Using Tuckman’s Group Stages Theory in Open Group Cognitive-behavioral Programming

Open group programming – an approach that consists of individuals coming and going at different stages – provides the opportunity for ongoing program delivery regardless of when participants are coming and going. Open group facilitation includes certain challenges as well, such as building cohesion and safety and establishing a healthy group dynamic in each session. 

Bruce Tuckman’s five stages of group development provide a unique framework for addressing many of these challenges. Originally developed as a model for closed groups, the group stages describe how a group interacts in different ways at different times throughout the group process. Open group facilitators can benefit from understanding this model in order to nudge participants into stages that represent optimal sharing and engagement in each session. 

Group stage 1: Forming
During the forming stage, participants are polite and learning about their role within the group. They are often working to better understand the work they will be doing and how they will fit.  

Open group tips for forming include:

Spend one-to-one time with a participant before they start their first session to go over what they can expect from their time in the group
Allow extra time for participants to mingle before and after each session
Invite participants to come early and help you set up the room
Enjoy refreshments to casually get acquainted


Group stage 2: Storming
During the storming stage, participants are learning about each other’s working styles and may push back against each other and/or the facilitator

Open group tips for storming include:

Have a senior participant summarize group agreements and expectations at the beginning of each session 
Allow incoming participants to introduce themselves and share what they are hoping to get out of the group
Gain skills for increasing motivation and “rolling with resistance” when challenges or concerns arise
Gain skills for effectively working with different types of personalities


Group stage 3: Norming
During the norming stage, participants begin to resolve differences and become more comfortable giving and receiving constructive feedback.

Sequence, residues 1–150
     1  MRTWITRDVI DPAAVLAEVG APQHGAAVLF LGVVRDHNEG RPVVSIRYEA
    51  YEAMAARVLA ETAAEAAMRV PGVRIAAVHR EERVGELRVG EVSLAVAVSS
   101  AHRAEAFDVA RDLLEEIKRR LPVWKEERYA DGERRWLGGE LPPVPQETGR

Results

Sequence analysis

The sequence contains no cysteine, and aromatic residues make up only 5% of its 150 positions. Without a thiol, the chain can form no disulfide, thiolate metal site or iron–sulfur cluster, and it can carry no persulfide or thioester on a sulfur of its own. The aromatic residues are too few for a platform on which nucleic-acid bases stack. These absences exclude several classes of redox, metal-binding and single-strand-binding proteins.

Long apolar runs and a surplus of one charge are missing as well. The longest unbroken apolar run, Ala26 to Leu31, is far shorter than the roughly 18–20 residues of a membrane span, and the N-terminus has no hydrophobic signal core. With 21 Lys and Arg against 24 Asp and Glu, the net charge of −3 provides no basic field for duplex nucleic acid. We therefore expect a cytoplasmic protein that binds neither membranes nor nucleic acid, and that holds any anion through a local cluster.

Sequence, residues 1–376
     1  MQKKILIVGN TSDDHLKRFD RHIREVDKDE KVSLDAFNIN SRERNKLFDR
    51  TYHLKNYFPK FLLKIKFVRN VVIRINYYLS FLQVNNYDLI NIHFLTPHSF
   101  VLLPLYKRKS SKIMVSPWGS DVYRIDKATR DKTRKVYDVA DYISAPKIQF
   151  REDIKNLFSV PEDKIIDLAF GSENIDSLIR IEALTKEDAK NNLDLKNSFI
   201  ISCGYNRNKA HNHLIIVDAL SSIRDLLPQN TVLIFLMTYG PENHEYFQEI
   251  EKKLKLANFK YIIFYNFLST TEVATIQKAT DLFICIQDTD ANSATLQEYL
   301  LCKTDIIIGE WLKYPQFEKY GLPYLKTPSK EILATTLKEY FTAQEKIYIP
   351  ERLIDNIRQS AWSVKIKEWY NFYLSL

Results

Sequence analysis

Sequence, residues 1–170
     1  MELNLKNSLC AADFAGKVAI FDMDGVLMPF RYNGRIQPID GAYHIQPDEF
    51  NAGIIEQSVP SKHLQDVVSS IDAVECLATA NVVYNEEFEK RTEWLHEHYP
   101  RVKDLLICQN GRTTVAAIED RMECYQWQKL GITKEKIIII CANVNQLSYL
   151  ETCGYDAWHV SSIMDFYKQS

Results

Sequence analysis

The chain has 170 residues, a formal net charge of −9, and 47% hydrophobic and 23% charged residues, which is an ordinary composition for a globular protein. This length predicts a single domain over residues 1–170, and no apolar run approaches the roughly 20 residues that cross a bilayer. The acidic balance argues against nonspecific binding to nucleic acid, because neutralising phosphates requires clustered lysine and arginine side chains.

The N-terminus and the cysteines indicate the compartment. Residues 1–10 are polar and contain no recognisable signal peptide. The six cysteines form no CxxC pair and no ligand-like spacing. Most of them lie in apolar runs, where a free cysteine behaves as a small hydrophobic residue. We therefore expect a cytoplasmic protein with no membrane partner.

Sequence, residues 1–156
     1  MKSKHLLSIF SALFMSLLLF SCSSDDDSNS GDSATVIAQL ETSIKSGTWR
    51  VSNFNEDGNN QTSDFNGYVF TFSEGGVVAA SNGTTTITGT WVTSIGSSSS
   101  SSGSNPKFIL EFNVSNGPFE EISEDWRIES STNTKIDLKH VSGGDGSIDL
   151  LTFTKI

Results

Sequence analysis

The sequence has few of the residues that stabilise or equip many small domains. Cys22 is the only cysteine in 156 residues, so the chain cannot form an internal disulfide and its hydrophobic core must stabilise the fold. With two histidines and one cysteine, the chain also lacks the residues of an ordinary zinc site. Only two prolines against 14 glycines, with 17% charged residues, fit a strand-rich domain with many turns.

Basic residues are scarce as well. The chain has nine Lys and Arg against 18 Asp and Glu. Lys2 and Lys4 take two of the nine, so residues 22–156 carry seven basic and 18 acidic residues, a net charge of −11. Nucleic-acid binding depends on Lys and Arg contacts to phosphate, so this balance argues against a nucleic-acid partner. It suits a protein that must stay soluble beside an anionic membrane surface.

Open group tips for norming include:

Begin each session with a rounds activity, warm-up question or small-group discussion to help everyone become comfortable with sharing
Allow senior group members to help your group refocus when conversations get off-track 


Group stage 4: Performing
During the performing stage, the group is committed to performing well and achieving group goals. 

Open group tips for performing:

Have participants share reflections on what was learned at the end of each session
Summarize the experience and affirm participants at the end of each session


Group stage 5: Adjourning
The adjourning stage means “goodbye.” Participants complete program goals and disengage from relationships. During a planned goodbye session, participants may receive recognition and say personal farewells. 

Open group tips for adjourning:

Allow outgoing participants to share their experience, progress and next steps
Offer certificates or other forms of recognition for outgoing participants
Share next steps with returning participants
Occasionally invite group alumni to return and share their experience with current group members


Building these strategies into your open-group programs can help your participants feel a sense of trust and safety starting on day 1. 

The Change Companies offers a range of evidence-based group facilitation strategies in our cognitive-behavioral curricula. Learn more about our core EBP, Interactive Journaling®.